Remembering the Sabbath can be difficult because it requires trust.  The ceasing of work really tests how much a person trusts that God will provide.  According to Breuggemann, the Sabbath offers an alternative in “the awareness and practice of the claim that we are situated on the receiving end of the gifts of God.” If we truly think that God will provide enough for us, then we could cease working for one day during the week.  This is what the Israelites discover in Exodus 18:22-27.  In the passage God sends bread from the skies for the people who were to work for six days to gather the food.  The seventh day, however, God mentions that no bread will appear, which means that the people are to gather more on sixth day to have enough.  Lamentably, some of the people did not trust God’s instructions and went hungry.  When we trust God’s instructions, we are willing to do what is required because we believe that God has already provided what we need.  Thus we can spend the Sabbath time doing what God has for us.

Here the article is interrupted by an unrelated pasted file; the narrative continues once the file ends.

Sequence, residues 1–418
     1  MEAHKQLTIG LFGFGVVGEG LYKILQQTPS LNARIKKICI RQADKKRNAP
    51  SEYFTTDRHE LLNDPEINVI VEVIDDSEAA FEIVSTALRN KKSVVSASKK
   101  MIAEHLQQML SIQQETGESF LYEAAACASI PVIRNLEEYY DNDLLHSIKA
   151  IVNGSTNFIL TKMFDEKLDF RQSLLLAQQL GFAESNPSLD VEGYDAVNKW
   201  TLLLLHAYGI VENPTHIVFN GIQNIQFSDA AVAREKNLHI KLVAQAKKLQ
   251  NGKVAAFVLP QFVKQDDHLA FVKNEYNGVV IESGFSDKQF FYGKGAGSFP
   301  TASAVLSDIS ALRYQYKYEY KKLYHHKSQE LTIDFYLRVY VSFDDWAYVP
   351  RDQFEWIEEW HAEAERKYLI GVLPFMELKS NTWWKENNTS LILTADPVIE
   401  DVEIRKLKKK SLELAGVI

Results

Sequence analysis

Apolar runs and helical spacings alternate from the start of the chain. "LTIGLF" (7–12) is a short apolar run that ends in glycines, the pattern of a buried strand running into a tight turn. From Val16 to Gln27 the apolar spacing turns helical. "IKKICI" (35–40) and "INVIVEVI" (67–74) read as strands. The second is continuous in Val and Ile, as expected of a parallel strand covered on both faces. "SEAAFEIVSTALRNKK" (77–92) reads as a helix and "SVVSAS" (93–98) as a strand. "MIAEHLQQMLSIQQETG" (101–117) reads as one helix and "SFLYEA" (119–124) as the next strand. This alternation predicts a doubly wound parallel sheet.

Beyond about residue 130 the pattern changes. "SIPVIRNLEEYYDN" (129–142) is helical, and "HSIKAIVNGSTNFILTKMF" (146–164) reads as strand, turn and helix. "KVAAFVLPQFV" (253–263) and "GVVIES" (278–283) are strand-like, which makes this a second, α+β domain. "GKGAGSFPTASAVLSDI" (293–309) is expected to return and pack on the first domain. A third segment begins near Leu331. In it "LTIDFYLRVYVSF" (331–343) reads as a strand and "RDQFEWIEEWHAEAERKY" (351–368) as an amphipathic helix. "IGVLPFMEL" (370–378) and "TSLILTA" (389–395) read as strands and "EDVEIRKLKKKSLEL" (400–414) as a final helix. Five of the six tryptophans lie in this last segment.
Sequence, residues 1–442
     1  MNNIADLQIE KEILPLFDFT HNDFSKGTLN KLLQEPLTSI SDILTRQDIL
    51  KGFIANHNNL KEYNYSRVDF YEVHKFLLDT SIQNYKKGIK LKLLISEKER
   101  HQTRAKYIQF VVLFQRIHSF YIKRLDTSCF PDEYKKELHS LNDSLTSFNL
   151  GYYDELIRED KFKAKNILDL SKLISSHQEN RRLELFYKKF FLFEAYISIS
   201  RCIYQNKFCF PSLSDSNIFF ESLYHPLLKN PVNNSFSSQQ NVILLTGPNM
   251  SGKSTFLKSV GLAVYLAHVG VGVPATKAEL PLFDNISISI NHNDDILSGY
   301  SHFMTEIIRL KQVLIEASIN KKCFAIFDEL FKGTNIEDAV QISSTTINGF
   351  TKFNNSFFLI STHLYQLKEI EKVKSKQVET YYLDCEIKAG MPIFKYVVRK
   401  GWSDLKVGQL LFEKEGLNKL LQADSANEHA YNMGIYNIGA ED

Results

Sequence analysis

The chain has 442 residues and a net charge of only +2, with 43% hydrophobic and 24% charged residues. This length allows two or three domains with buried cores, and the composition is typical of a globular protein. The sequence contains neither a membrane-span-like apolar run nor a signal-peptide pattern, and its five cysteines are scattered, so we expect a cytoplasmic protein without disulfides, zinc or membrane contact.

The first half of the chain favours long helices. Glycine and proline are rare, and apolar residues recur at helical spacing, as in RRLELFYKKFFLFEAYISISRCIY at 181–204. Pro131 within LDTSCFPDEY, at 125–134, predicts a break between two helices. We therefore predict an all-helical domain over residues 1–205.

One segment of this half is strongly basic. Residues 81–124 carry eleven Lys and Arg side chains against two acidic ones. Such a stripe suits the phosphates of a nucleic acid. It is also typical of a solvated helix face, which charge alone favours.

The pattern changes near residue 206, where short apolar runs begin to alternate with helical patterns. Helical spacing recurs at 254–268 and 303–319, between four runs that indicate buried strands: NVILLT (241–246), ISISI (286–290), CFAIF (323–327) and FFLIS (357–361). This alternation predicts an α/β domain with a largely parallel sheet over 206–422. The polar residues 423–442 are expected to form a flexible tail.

Remembering the Sabbath can be difficult when we do not know what God has for us.  According to Abraham Heschel, the Sabbath reminds us that for “six days a week we wrestle with the world, wringing profit from the earth; on the Sabbath we especially care for the seed of eternity planted in the soul.” In Genesis 2:2, God ended the work being done on the seventh day and took a Sabbath from the work.  While many have connected Sabbath with rest, the Hebrew word actually means to cease or stop an activity, which in this case is work.  Perhaps the reason many connect Sabbath with rest is because many of us only cease working so that we can rest and recover; such a view does not work with the depiction of God as Sabbathing because God does not need rest or rejuvenation.  Instead Genesis 2:3 mentions how God blesses and sanctifies on that day.  According to Exodus 20:11, God gives us an example of what our Sabbaths should include by keeping the Sabbath for blessing and sanctifying.  The acts of blessing and sanctifying actually are both what we receive from God and what we do during the Sabbath.